– Ex: Swiss watches, French wine, and German beet or automobiles
Global Products, Local Messages
– Many companies are taking an in-between approach by standardizing their products and basic marketing strategy, but localizing their advertising messages

*pattern advertising* – Marketers ads follow a basic approach, but themes, copy, and sometimes even visual elements are adapted to differences in local markets

– important to adapt the language, models, scenic background, message content, and symbol components to reflect the culture and frame of reference of consumers in various countries

Centralization – organizational style for international advertising
All decisions about agency selection, creative strategy, and campaign development, media strategy, and budgeting are made at the firm’s home office
– likely when:
(1) market and media conditions are similar from one country to another
(2) the company only has one or a few international agencies handling all of its advertising
(3) the company can used standardized advertising; or,
(4) the company desires a consistent image worldwide

– can save money due to less need for staff and administration

Decentralization – organizational style for international advertising
Marketing and advertising managers in each market have the authority to make their own advertising and promotional decisions
– select ad agencies, develop budgets, conduct research, approve creative themes and executions, and select advertising media
Combination – organizational style for international advertising
A combination of the Centralized and Decentralized organizational style for international advertising

Home headquarters:
– has control over the advertising policy, guidelines, and operations in all markets

Advertising managers in regional or local offices submit advertising plans and budgets for their markets, which are reviewed by the international

Selecting an agency
Many companies *consolidate* their global advertising with one agency.
– Reasons include:
(1) Many companies recognize that they must develop a consistent global image for the company and/or its brands and speak with one coordinated marketing voice around the world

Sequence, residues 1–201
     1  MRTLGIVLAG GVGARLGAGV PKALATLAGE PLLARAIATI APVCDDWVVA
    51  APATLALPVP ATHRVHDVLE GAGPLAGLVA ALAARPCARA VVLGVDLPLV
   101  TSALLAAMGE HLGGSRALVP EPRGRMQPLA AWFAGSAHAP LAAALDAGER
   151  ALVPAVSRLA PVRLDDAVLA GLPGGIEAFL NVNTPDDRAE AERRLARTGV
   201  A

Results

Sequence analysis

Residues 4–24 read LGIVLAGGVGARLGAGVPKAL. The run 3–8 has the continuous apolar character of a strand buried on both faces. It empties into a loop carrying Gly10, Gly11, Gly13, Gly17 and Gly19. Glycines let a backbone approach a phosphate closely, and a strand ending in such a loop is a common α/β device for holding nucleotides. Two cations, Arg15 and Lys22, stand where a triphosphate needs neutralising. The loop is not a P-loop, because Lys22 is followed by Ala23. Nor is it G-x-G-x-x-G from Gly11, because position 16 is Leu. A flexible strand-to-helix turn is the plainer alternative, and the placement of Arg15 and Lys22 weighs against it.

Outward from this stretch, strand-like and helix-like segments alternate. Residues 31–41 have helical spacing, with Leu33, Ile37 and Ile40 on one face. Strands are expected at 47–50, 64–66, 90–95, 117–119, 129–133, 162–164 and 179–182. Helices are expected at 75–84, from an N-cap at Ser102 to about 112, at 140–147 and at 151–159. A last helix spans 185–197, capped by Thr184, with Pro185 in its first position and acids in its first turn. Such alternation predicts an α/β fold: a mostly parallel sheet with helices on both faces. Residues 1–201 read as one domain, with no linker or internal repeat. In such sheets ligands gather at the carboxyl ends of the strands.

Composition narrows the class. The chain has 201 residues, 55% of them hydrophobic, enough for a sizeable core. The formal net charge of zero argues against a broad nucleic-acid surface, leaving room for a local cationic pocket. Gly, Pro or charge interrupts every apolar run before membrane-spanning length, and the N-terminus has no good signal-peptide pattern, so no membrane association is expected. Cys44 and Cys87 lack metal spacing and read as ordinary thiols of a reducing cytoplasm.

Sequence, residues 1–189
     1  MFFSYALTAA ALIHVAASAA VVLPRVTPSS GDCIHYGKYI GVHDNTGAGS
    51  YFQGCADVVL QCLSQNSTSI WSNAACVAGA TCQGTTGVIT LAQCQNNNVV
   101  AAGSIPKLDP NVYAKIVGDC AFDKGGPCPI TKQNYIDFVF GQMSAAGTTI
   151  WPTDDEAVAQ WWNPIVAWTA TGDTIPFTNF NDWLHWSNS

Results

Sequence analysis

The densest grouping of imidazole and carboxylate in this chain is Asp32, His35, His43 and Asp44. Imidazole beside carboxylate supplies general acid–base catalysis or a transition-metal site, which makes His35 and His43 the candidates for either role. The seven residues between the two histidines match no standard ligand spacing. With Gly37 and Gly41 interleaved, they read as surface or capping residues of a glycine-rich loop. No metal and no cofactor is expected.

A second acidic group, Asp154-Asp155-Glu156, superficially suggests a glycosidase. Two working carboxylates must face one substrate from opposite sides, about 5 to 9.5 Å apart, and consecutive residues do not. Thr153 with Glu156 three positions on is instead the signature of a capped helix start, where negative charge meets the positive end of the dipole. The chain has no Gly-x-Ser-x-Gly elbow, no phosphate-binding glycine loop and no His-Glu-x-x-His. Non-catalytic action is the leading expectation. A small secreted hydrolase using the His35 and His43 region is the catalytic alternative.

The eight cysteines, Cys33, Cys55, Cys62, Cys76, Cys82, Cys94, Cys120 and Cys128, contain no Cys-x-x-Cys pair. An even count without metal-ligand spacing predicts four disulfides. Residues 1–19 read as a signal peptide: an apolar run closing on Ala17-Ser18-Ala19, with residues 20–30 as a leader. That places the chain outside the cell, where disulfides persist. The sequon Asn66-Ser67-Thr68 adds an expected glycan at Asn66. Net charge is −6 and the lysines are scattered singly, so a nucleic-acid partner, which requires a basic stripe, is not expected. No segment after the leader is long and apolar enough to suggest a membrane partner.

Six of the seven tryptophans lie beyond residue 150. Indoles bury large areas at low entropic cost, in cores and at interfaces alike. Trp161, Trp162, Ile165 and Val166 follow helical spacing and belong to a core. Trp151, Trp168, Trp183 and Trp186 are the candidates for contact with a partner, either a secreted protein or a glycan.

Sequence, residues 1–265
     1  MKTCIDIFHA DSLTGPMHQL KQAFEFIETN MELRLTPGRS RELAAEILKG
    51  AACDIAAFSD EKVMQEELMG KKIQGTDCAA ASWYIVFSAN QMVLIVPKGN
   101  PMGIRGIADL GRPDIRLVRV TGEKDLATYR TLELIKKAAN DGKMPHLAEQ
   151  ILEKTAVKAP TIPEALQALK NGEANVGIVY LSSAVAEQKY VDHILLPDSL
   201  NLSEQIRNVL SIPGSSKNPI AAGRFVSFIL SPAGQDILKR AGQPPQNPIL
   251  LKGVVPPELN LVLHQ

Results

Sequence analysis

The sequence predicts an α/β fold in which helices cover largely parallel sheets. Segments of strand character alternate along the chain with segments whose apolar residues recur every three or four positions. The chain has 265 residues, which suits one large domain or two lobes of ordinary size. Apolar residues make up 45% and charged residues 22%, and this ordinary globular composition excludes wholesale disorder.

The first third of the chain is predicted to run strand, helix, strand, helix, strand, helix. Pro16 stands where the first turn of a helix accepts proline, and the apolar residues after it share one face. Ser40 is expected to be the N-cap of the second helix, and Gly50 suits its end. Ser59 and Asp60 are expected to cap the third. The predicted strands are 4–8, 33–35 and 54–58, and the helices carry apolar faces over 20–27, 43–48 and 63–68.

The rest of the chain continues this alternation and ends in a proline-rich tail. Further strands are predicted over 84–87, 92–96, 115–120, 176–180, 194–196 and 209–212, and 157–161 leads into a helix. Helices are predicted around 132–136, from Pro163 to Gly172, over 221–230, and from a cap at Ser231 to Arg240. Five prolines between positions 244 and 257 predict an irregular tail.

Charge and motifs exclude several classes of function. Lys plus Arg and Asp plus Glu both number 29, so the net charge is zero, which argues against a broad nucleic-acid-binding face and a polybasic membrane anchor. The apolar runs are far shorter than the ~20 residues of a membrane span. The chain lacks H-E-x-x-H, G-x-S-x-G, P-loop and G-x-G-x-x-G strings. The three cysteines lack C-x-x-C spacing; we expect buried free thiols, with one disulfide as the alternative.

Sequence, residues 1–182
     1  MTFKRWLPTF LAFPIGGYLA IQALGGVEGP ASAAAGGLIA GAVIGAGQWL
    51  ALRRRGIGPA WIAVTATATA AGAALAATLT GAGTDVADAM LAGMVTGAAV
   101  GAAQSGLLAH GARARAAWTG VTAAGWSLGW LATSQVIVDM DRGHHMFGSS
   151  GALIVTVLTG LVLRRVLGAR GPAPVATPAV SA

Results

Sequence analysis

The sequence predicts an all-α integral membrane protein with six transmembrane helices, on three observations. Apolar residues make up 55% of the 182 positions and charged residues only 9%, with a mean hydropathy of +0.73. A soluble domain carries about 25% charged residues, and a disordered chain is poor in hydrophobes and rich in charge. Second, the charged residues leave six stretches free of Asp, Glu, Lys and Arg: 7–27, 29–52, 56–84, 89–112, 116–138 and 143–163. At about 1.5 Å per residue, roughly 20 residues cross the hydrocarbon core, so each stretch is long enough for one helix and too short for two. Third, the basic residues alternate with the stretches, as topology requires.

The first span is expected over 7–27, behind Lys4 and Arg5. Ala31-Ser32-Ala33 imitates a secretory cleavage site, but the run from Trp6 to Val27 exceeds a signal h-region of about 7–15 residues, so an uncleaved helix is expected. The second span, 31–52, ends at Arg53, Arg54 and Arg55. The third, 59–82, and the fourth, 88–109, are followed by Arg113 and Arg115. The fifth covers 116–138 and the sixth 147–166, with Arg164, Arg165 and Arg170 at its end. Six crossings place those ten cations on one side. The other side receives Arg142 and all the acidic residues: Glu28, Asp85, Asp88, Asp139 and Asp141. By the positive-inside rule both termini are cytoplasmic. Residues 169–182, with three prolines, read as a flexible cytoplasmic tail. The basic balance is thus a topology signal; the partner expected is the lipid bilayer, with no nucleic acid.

(2) increases cost efficiencies and gain leverage on agencies
(3) Agencies now have the ability to communicate and manage globally

Consolidating has some fallbacks:
– if the agency fails to deliver an effective campaign, the client has no backup agency to make a fast rebound and the search for a new agency can be very time consuming
– regional offices aren’t always accepting of working with non-local agencies

Some companies choose a domestic agency that belongs to a network of foreign agencies
– company can use a domestic-based agency, but still have international access

Criteria for agency selection
– ability of agency to cover relevant markets
– quality of agency work
– Market research, PR, and other services offered
– Relative roles of company advertising department and agency
– Level of communication and control desired by company
– Ability of agency to coordinate international campaign
– Size of company’s international business
– Company’s desire for local vs. international image
– Company’s organizational structure
– Company’s level of involvement with international operations
Localized advertising strategy – creative decision
the creative team must determine what type of selling idea, ad appeal, and execution style will work in each market
– Marketers must also figure out what type of advertising appeal or execution style will be most effective in each market
Selecting media
The characteristics of media differ from country to country in terms of coverage, cost, quality of reproduction, restrictions, etc.
– another problem faced is obtaining reliable media information such as circulation figures, audience profiles, and costs
International media
– traditional focus of international media has been magazines and newspapers
Factors to consider when developing international sales promotions
(1) economic development
(2) Market maturity
(3) Consumer perceptions
(4) Trade structure
(5) Regulations